Credit: AP Photo/John Bazemore, File
Georgia Power completes hot functional testing at Plant Vogtle’s Unit 4
ATLANTA — Georgia Power is making significant progress with the second of two additional nuclear reactors being built at Plant Vogtle even as the first of the new reactors prepares to go into commercial operation.
The Atlanta-based utility announced Monday the completion of hot functional testing for Unit 4 at the plant south of Augusta. Unit 4 is projected to begin operations late this year or early in 2024.
“The energy and enthusiasm at the Vogtle site, and across our entire company, is high with Unit 3 in the final stages of startup testing and Unit 4 making progress towards safely loading fuel,” said Kim Greene, Georgia Power’s chairman, president and CEO.
“The team at Unit 4 has been able to take lessons learned from Unit 3 and apply them. That has allowed us to safely complete hot functional testing on Unit 4 in significantly less time than we did for Unit 3.”
During hot functional testing, plant systems achieved normal operating pressure and temperature without nuclear fuel in the reactor to demonstrate the systems will operate as designed.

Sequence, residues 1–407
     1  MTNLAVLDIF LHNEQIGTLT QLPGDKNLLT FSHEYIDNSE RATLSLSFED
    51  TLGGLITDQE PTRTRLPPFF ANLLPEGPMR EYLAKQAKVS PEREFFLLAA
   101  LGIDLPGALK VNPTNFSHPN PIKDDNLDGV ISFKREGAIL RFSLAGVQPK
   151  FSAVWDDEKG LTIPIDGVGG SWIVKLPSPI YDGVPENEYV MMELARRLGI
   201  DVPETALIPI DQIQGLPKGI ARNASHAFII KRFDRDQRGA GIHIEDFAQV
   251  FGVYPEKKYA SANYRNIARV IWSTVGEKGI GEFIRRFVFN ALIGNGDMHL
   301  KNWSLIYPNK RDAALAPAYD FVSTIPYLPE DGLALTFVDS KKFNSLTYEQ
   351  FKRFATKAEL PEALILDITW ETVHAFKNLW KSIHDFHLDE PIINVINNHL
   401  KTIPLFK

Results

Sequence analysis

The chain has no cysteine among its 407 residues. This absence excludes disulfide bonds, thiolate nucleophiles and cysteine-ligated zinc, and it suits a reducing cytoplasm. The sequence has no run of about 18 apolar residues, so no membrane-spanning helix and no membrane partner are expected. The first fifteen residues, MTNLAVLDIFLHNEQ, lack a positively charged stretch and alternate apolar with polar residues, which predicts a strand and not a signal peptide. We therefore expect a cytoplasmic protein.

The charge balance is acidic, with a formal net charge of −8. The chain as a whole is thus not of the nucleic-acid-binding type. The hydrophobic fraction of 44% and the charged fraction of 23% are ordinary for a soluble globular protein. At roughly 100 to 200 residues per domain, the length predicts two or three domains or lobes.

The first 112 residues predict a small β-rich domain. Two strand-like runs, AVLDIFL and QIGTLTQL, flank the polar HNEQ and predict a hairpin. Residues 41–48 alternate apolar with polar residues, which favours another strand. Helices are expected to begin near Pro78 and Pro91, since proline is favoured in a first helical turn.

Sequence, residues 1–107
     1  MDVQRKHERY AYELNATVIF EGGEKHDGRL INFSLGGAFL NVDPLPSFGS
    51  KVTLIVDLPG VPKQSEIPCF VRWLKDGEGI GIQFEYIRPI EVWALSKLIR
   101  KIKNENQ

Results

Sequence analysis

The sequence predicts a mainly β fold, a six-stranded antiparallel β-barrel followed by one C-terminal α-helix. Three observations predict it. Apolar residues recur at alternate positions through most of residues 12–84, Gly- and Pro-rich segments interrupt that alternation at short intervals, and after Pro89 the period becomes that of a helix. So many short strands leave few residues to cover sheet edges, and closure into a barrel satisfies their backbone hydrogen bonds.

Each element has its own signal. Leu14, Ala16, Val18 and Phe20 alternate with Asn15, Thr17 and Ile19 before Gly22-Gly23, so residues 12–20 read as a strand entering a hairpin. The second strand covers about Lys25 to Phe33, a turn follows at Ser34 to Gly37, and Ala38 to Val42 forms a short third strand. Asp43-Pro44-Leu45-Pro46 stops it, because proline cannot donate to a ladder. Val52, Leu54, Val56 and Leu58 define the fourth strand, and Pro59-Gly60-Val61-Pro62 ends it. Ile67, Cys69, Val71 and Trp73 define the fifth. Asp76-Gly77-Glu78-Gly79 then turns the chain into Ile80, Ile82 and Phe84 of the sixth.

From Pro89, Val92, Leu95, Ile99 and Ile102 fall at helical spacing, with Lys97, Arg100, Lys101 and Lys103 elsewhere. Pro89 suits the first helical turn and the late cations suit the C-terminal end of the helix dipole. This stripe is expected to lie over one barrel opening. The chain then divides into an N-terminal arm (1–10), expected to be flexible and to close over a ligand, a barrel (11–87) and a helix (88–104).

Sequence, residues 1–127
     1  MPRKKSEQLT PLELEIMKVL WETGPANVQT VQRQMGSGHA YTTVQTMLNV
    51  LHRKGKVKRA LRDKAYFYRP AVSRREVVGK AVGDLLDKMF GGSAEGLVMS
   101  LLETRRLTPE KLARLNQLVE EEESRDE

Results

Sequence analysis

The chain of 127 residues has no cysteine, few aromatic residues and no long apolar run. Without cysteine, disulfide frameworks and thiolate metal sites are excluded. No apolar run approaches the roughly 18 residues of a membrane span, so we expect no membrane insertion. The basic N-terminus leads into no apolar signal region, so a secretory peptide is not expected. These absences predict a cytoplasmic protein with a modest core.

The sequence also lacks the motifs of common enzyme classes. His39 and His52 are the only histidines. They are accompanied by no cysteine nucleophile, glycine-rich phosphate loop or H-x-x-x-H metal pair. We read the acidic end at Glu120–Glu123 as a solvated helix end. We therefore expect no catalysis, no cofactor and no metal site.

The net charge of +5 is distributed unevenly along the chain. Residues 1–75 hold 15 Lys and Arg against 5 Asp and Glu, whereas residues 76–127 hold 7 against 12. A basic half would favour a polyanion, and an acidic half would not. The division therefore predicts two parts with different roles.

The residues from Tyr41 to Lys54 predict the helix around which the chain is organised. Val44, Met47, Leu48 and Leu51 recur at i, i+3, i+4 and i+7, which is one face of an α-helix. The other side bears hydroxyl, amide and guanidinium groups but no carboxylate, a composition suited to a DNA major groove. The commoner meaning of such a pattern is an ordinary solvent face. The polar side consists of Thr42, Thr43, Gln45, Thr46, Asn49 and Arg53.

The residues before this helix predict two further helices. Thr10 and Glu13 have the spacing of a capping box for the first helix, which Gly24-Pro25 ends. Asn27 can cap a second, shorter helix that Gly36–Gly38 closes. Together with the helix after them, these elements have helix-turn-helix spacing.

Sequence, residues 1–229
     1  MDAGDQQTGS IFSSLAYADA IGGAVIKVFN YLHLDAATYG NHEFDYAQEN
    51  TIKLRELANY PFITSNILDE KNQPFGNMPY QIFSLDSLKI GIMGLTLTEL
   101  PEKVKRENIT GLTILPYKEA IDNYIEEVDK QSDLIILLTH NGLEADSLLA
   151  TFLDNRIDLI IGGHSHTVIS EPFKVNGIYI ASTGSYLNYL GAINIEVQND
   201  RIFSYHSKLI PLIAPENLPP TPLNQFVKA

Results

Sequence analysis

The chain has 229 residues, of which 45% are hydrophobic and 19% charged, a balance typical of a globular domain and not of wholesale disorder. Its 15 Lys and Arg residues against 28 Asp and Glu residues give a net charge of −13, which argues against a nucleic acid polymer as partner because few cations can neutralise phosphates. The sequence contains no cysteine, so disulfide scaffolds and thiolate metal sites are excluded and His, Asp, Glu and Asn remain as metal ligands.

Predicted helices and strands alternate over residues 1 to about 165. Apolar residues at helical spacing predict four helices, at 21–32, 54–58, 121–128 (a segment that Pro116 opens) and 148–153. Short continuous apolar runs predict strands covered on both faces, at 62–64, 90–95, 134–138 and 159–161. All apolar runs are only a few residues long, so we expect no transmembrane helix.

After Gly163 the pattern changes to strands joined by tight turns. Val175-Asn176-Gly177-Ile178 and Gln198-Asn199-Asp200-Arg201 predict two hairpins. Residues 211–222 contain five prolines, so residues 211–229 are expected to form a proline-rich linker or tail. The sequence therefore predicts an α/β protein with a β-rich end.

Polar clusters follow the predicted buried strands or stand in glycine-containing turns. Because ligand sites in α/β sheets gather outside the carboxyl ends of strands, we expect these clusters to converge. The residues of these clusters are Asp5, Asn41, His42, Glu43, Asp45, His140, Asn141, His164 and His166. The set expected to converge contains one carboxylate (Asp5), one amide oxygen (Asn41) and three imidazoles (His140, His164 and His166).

The Unit 4 site team will focus next on completing the remaining work necessary to submit documentation assuring the Nuclear Regulatory Commission (NRC) that all inspections, tests and analyses have been performed and all acceptance criteria have been met. The NRC has to give the green light before fuel can be loaded into the reactor.
Unit 3 began generating electricity early last month and is due to go into service later this spring or early this summer.
The nuclear expansion at Plant Vogtle was originally expected to be completed in 2016 for Unit 3 and 2017 for Unit 4. But a series of delays pushed back the schedule and more than doubled the $14 billion price tag.
The delays and cost overruns prompted critics to call for cancelling the project. But Georgia Power officials argued the two additional reactors will provide the company’s 2.7 million customers with a reliable, carbon-free source of energy for the next 60 to 80 years.
This story comes to GPB through a reporting partnership with Capitol Beat News Service.